Arran offers you great opportunities to explore exciting and varied landscapes and to discover an island rich in wildlife and history. From a strenuous hill walk in the rugged mountains of the north to a solitary heathery moorland ramble or a leisurely stroll by the sea, whatever takes your fancy, Arran has it all.
Although the island has that special “wild” feeling, the land is all managed. Agriculture is an essential element of Arran’s economy. Sheep and cattle are reared on the higher grasslands and heather moorland, whilst dairy farming is found around the more fertile coastal belt. Deer stalking, as well as being an important income for the northern estate, helps maintain the ecological balance in the mountains.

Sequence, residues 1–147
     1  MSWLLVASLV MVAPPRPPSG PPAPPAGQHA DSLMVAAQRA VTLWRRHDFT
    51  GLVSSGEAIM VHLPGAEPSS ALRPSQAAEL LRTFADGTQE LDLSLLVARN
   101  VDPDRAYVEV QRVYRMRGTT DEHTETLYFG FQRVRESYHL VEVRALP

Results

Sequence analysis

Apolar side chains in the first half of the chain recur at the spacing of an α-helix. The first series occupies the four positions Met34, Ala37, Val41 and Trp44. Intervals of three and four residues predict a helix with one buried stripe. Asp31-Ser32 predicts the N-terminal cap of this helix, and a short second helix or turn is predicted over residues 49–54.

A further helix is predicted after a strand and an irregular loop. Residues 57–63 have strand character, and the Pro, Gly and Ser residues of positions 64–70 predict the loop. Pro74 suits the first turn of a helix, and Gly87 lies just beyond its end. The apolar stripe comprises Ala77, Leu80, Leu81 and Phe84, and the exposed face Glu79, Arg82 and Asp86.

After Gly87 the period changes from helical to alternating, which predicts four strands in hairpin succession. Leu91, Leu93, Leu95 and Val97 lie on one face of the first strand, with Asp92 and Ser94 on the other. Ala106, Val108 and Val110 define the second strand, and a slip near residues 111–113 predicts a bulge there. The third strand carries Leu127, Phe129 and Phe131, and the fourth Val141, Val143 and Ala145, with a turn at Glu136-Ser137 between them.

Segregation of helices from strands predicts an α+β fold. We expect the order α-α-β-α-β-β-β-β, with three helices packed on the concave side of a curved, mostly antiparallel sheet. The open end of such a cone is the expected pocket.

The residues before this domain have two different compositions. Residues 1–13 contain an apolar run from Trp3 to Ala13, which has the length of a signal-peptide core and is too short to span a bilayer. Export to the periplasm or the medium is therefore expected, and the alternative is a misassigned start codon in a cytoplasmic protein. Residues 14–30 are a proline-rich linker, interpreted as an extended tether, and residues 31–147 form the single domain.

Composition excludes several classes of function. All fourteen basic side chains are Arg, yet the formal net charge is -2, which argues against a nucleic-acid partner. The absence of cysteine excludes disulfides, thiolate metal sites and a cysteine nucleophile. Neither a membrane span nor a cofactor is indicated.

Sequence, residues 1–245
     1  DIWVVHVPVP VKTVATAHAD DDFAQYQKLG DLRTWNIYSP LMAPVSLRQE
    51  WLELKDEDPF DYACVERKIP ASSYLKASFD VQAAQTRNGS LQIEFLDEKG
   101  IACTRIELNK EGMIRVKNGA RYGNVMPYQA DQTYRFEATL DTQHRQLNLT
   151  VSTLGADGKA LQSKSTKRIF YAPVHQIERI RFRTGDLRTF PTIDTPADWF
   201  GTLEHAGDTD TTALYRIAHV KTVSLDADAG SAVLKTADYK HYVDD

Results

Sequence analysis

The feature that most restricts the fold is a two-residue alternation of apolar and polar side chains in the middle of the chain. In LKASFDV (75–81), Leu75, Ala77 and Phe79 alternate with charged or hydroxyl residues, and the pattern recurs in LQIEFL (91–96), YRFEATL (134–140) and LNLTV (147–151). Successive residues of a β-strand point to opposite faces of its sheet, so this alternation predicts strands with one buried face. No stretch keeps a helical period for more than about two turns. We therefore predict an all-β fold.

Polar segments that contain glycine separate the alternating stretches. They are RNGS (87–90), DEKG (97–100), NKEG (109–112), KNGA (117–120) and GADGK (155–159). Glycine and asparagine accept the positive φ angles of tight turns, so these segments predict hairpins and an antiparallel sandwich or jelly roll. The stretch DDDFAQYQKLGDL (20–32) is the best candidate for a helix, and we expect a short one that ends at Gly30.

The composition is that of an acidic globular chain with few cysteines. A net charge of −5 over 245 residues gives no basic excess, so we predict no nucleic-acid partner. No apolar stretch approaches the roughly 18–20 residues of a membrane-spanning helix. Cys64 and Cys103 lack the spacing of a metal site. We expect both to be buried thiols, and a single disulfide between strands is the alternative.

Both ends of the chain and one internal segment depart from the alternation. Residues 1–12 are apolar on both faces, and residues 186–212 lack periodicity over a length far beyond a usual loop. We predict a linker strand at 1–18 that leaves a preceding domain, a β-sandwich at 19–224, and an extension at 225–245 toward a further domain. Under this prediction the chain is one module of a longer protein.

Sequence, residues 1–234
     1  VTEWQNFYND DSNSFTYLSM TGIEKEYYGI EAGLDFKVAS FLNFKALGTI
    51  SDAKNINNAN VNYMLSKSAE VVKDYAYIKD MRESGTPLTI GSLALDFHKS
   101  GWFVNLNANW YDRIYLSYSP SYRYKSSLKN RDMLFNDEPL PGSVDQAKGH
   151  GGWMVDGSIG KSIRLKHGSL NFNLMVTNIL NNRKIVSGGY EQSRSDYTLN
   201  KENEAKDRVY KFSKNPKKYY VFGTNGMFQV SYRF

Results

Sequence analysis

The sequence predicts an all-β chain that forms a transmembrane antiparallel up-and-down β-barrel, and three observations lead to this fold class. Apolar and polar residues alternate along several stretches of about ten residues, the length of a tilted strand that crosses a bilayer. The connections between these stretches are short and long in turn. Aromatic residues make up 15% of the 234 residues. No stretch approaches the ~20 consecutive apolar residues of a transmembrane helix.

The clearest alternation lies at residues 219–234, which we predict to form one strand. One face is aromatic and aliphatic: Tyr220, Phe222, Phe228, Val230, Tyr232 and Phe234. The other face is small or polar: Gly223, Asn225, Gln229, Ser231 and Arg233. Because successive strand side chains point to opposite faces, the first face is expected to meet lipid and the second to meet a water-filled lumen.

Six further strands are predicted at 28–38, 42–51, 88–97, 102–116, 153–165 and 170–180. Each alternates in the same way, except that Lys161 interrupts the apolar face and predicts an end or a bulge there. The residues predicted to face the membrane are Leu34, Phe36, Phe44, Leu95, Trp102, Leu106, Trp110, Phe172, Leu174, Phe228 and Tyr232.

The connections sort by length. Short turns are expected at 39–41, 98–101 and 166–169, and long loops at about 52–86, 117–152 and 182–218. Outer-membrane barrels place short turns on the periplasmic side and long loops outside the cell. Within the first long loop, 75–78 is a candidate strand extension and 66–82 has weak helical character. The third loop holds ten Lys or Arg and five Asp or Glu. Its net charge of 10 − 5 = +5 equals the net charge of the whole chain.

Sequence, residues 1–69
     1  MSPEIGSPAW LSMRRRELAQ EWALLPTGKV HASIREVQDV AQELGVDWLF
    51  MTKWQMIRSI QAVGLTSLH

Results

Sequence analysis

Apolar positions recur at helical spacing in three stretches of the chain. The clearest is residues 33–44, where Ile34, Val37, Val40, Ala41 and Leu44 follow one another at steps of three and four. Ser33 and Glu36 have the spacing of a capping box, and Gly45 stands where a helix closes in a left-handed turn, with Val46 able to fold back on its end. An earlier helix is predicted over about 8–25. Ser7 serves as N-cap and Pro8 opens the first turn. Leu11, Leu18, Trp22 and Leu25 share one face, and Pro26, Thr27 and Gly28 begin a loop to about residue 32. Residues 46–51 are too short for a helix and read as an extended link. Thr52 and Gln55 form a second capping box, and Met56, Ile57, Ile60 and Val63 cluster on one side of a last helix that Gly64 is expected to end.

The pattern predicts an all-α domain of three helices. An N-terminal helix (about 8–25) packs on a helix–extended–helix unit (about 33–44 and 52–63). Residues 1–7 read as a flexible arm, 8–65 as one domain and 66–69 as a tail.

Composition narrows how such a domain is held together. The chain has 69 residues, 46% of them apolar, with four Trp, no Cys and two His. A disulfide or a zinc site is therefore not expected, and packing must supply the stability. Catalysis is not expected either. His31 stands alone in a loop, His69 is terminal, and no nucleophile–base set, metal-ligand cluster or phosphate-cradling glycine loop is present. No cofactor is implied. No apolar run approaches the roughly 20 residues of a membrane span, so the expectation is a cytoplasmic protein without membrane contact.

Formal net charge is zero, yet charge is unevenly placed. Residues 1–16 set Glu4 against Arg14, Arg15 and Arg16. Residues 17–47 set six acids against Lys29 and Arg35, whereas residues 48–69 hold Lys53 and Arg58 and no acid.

With a quarter of the land on Arran being forested, its unsuprising that the Coastal Way passes through several forests – North Sannox, King’s Cave and Glenashdale Falls.
See Forestry Commission Scotland for more details.
National Trust for Scotland also manages large areas of spectacular scenery for nature conservation and public access, inlcuding Arran’s tallest peak, Goatfell.
The continuing goodwill of those who make a living from the land relies on everyone using the countryside for recreation acting responsibly and following the Scottish Outdoor Access Code.